Sun Herald from Biloxi, Mississippi on February 28, 1993 · 53
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Sun Herald from Biloxi, Mississippi · 53

Biloxi, Mississippi
Issue Date:
Sunday, February 28, 1993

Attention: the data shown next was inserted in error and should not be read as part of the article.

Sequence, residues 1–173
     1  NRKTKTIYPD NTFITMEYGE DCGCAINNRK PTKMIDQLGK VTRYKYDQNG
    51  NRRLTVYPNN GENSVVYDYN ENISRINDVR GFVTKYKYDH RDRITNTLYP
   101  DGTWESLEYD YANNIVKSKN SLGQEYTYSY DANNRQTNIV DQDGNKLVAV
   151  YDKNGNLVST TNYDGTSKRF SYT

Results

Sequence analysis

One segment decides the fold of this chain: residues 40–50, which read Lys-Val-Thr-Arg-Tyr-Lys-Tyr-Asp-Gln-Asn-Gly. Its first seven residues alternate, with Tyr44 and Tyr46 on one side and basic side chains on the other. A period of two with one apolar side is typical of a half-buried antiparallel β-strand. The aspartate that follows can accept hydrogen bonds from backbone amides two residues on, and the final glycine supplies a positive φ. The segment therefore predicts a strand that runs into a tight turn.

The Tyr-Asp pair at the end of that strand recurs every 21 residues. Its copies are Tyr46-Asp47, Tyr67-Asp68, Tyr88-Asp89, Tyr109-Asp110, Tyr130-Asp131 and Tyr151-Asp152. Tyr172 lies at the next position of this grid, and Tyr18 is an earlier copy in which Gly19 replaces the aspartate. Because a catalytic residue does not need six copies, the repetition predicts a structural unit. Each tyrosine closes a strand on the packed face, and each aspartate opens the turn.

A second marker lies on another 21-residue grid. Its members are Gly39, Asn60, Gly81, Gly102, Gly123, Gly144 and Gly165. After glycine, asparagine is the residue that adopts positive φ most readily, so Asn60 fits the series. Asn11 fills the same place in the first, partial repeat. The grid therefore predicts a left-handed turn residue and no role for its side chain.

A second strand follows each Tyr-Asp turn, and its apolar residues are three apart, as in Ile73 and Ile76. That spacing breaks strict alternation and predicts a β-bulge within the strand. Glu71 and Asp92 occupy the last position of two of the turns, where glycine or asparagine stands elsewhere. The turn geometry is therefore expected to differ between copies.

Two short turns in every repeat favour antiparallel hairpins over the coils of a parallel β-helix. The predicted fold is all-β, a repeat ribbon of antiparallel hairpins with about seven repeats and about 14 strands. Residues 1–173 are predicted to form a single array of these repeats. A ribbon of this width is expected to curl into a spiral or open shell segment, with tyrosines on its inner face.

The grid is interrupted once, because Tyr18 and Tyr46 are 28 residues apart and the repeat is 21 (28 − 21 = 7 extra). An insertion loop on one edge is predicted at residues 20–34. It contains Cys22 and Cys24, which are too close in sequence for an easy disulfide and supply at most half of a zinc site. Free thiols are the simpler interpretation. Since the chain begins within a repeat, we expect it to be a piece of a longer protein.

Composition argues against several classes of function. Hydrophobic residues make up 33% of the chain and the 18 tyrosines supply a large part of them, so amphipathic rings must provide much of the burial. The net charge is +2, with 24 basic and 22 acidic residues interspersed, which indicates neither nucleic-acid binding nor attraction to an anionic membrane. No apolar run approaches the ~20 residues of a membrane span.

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THE SUN HERALD Sunday FEBRUARY 28 1993SPORTS WEEK M i ntffc ‘ALLl I was uncoordinated 1 was big I was clumsy I didn’t even want to be a basketball player Eugenia Connor BLACK Conner gives up Br jerky lacy THE SUN HERALD ome times people stumble into greatness For Eugenia Conner a former I All-America and All-Southeast-em Conference center success on the basketball court allowed her to accomplish things in life that most people only dream of But as a youngster growing up Conner didn't know the impact she’d have on the program at Harrison Central at Ole Miss nor on women’s basketball in Mississippi Now Conner has given up the sport she had such an impact on to try to have an impact on children’s lives “I always said I wanted to do something for the kids” said Conner who played professional basketball for three years in Spain and Italy and is now a social-work investigator in Gulfport “I had signed a contract to continue my career but I found the job I have now that involves helping abused and neglected kids I just saw it as another opportunity to reach another one of my goals “I do have choices I could still be over there playing Right now I’m eiyoying what I’m doing ‘It’s hard sometimes But I can’t even explain it To hear the pain in a child’s voice And then work hard to make things better And to hear them say ‘If it weren’t for you I wouldn’t be alive You saved my life’ “Yes I do miss basketball Of course I miss the paycheck and the traveling But I epjoy this more because I’m making a difference “And yes the people overseas were upset I don’t blame them But this is something I really wanted to do I think I’m making a difference in a positive way” RelBctut npentai Her first impact was on the court though And she has changed women’s basketball at her former high school and college “At first I didn’t go out for the basketball team I was always taller than the other girls and uncoordinated” said Con HISTORY MOUTH basketball to achieve a greater goal ner "The coaches took me out of the PE class and told me I was going to play basketball I was pitiful at first “A lot of people thought ‘She’s got God-given talent’ But that wasn’t so I was uncoordinated I was big I was dum-sy I didn’t even want to be a basketball player “But they (the coaches) pushed me I also had the desire I’d work with the girls Td weak with the boys And then I’d work by myself to get better” Conner a 6-2 center didn’t just get better She developed into a force under the basket She became the first freshman to start on the varsity at Harrison Central and helped lead the Red Rebelettes to an unprecedented four straight state titles from 1977-81 "There was a lot of animosity there from the other females I was the only freshman at Harrison Central to do something like that” she said “We had some good players already on that team - “Some starters were already there and here comes a freshman who comes and takes a position “My freshman year was difficult emotionally I’m the type of person that I want to make everyone happy and it wasn’t my choice” That choice was then-coach Van Chancellor’s He said he’ll nevir forget his first meeting with Conner f - - "I saw Eugenia Conned when she had FOR I can’t even explain it To hear the pain in a child’s ' - voice And then work? ? hard to make things better Yes I do miss basketball But I enjoy this more because I’m making a difference Eugenia Conner finished her eighth-grade - year” said Chancellor now the women’s head coach at Ole Miss “People were telling me there was a freshman who might could help our team “She came to the gym to see me and we started talking “I asked her how many potato chips cookies and sodas she was eating and drinking and I was telling her how much she was going to have to cut back “I noticed while I was telling her this her brother Eric was behind her laughing I asked him why He said ‘Everything she doesn’t eat TD get “I thought from day one Eugenia Conner had greatness written all over her” In 1981 Conner wound up as the state’s player of the year was named a : Parade All-American and received more than 225 college offers Bearing np under pressure But for a 17-year-old the pressure of being a big-time player is hard to handle “The pressure that you’re under isn’t worth it" said Comer - - “It’s good for people to recruit athletes and give scholarships and people to want you for your talents But people don’t know the pressure they put on you ‘ “ They (recruiters) had people call the house like Joe Namath John Thompson and Paul ‘Bear’ Bryant They’d say things like If you come to this school we ’ll get together and do this (P AB-Amerfca honors in the early 1980s “It was just the worse time of my life I wouldn’t advise anyone to go through it” It was so much pressure that Conner waited until two weeks after college had begun in the fall of 1981 before she chose Ole Miss That began four years of Conner being named All-SEC the first in the school's history It also led to the Lady Rebels being 106-20 and making four trips to the NCAA tournament in her four years Conner finished as the school's third all-time leading scorer with 1993 points She was also named an All-American her freshman year In the summer of ’81 She played on the South team in the National Sports Festival in Syracuse NY where she won the first of two gold ‘medals "That summer I met Michael Jordan Cheryl Miller Patrick Ewing Evelyn Ashford Teresa Edwards and Charles Barkley” said Conner But for her meeting those people wasn’t the highlight of the Sports Festival “When they’re playing the national anthem and they’re putting the mpdal around your neck that’s one of the great- est feelings you could ever experience” she said In Conner’s senior year 1984-85 Ole u Miss went 29-3 a mark equaled only hy last year’s team as the best record in school history When you think about basketball at Harrison Central and Ole Miss one of the ' people you have to think of is Eugenia Comer” said Chancellor who took over the Ole Miss job in 1978 “Eugenia Conner was our first big-time recruit She’s the reason we turned things around at Ole Miss She paved the way for easier things at this program and IH always be grateful for her” Leaning i “In Mississippi Eugenia Conner has had an impact on every kid that’s played basketball” Chancellor said “She’s had an opportunity to go over there and " that’s paved the way for other kids from -Mississippi” ' The “over there” is Europe where Conner ventured after college to play professional basketball "The firstthree years I played in Spain in Barcelona and Zaragoza I also played one year in Italy and a couple of months in France “I know if I hadn’t played basketball I wouldn’t have never got to go abroad I couldn’t afford it and I wouldn’t have never even thought about it” Living and playing overseas took some adjustment she said “They only had one American over there at the time during my first year and I didn’t speak the language I was just culture-shocked "My mother’s telephone bill was about $2000 a month because I called her all tiie time I told her Tm ready to come - home Tm ready to quit’ “She told me to hang in there” Hanging in there meant getting an interpreter and learning the culture Td be sitting in the back of the bus studying Spanish when we were on a road trip I was determined” said Conner - “By the second or third year my mother was begging me to come home-! loved it The season would be over a month and I’d still be there” Answering a higher call The one thing that could hire Conner away from her three-bedroom house and Please see CONNER D-12 — a i